These Are the 6 Latina Artists Playing LA’s Selena for Sanctuary Concert This November

Lead Photo: Fans at the "Selena for Sanctuary" concert held at New York City’s SummerStage in Central Park. Photo by Roy Baizan for Remezcla
Fans at the "Selena for Sanctuary" concert held at New York City’s SummerStage in Central Park. Photo by Roy Baizan for Remezcla
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Selena for Sanctuary — the concert series to benefit immigrant rights — is officially going bicoastal.

After a packed rainy day performance in New York City this summer, Sanctuary for Selena has set its sights on Los Angeles’ Grand Park. The concert will take place on November 1, making it just in time for Downtown L.A.’s Día de los Muerto’s celebrations. After a week of altars, prayer, and remembrance, Angelinos will be able to cap off their traditions with free music performances by an all Latina lineup.

This is not the first time women led the fore at Selena for Sanctuary — in June, Kali Uchis was brought on to headline the NYC show. Now it looks like the concert series has used their platform to feature an exclusively female lineup, which is great news for the Latina artists involved. But who are they?

Get to know the six women performing at this fall’s Selena for Sanctuary, below.


Empress Of

Lorely Rodriguez, the Honduran-American woman behind Empress Of, will be headlining L.A.’s Selena for Sanctuary event. Raised on Latin jazz and Björk, Rodriguez writes up dreamy electro-pop with the occasional Spanish-language drop in — just like on “Trust Me Baby,” a track where bilingual shifts give her the vocabulary for a desperate lover’s plea. Empress Of is all about this vulnerability, and knows exactly where to find it in the language and community of her East L.A. roots. Her performance for Selena for Sanctuary will be nothing short of a homecoming then, especially after spending the earlier part of this year on tour.


San Cha

If her stage name sounds off to you, it’s probably because San Cha — born Lizette Gutierrez to a Catholic, Mexican family — takes the word san, for saint, but separates it from the phonetic of her full name, sancha, as in side chick. This conflict of identity is right at the heart of what makes Gutierrez’s work so special: she is queer, brown, and dabbles in rachera, cumbia, and punk — all while never losing the church choir influences that she is at once at odds with, yet embraces. It’s this reinvention of traditional Mexican sounds, as displayed on songs like “Me Demando,” that will be sure to surprise — and excite — Selena for Sanctuary’s family crowds.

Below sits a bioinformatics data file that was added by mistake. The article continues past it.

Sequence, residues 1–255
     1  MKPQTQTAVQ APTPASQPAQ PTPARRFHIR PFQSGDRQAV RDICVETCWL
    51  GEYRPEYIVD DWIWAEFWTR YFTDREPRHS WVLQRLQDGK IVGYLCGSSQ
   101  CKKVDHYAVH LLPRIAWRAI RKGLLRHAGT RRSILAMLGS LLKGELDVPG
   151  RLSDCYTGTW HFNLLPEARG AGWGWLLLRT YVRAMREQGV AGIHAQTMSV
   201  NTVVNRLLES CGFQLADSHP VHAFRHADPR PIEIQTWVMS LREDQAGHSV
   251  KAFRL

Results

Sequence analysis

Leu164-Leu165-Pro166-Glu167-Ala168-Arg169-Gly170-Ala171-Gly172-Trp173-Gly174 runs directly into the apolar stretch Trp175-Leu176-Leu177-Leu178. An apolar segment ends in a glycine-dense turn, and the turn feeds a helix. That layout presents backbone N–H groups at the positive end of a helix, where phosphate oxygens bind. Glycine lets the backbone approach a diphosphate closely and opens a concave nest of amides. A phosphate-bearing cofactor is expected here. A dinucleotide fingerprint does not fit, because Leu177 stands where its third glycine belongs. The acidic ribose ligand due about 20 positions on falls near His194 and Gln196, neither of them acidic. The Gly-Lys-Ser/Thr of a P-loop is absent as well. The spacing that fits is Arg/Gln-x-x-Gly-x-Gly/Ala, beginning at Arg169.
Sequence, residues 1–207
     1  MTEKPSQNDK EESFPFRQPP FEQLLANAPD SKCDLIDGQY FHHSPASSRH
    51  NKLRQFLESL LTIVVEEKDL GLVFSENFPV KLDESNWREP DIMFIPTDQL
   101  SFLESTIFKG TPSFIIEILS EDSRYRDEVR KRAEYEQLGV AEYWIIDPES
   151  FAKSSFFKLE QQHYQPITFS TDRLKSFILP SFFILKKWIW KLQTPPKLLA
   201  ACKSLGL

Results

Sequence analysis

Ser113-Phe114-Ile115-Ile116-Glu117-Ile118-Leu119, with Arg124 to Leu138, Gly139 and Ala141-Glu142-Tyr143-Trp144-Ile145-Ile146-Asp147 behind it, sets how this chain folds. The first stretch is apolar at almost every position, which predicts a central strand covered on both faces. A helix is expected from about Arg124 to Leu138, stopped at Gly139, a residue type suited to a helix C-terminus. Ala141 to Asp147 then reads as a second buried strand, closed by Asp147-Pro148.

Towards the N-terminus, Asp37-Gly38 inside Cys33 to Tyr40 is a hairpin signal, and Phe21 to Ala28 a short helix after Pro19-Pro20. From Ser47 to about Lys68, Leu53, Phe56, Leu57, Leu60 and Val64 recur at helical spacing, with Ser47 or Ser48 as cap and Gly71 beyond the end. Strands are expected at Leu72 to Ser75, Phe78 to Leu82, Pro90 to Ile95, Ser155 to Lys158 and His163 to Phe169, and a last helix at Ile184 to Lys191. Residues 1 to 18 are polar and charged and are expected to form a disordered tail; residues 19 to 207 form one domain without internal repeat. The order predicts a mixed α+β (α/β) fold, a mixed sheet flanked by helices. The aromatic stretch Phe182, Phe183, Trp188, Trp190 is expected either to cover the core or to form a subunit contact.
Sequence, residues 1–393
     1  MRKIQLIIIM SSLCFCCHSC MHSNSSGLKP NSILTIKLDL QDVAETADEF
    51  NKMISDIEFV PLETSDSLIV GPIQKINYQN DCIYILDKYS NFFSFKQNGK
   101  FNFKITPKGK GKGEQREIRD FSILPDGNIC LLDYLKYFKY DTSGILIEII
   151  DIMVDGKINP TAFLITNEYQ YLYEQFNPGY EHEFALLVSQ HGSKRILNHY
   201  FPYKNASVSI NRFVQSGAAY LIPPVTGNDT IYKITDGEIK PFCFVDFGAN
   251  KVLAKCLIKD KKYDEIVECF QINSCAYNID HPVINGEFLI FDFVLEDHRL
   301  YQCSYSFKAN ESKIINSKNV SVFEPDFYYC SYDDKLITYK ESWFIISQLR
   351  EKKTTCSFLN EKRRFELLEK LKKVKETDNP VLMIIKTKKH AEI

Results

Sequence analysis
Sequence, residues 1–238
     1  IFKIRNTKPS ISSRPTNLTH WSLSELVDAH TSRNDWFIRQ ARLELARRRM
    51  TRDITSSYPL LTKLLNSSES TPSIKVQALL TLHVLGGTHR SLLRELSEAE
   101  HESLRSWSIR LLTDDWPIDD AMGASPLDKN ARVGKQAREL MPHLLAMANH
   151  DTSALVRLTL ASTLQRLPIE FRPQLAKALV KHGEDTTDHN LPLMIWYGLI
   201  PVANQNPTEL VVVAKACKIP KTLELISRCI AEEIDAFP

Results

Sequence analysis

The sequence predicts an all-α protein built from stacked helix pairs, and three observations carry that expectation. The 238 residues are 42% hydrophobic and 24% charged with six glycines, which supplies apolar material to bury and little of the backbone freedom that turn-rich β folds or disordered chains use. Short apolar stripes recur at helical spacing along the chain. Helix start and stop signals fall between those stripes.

Ceci Bastida

For fans of the fiercely political Mexican ska and punk band, Tijuana No.1, you may already know Ceci Bastida. Bastida, who was born in — you guessed it — Tijuana, Mexico, spent years on keyboard and vocals for the punk band. (Which she also joined at the young age of 15!) These days, Bastida is off solo and trying on a new alt-pop sound. Yet she’s still holding tight to Tijuana No.1’s political energy: tracks like “Una Ves Más,” whose music video alludes to gun violence, is a stomping, confident assertion against abuse of all kinds.


Maya Murillo

Most of us know Maya Murillo for her work as a video producer at BuzzFeed, where she writes and acts in skits for Pero Like, a Latinx-focused channel for English-language content. But in addition to being Pero Like’s “pocha concha,” Murillo is pursuing a music career after singing and songwriting on her own for years. While she’s shared some of her own music on YouTube in the past, Murillo is comfortable doing covers — which makes sense of why she’s been chosen to sing a Selena song at November’s event, in honor of the concert series’ legendary Chicana namesake.


August Eve

August Eve, the L.A. based singer-songwriter has already collaborated with Selena for Sanctuary headliner Empress Of, and last concert’s alum, Cuco. But in November, she’ll take to the stage herself and share some truly sumptuous tracks. “You Already Know” is devastating in its husky, Old Hollywood-style serenade.


Loyal Lobos

For Andrea Silva, the woman behind Loyal Lobos, Sanctuary for Selena’s mission is incredibly personal. Silva, who grew up on the countryside of Colombia’s Bogotá and immigrated to America as a child, spins her experiences of migrancy, femininity, love, and political depression into music that is at once haunting and soothing. “Criminals” is just the latest: an airy, atmospheric piece of bedroom pop about risking it all for love.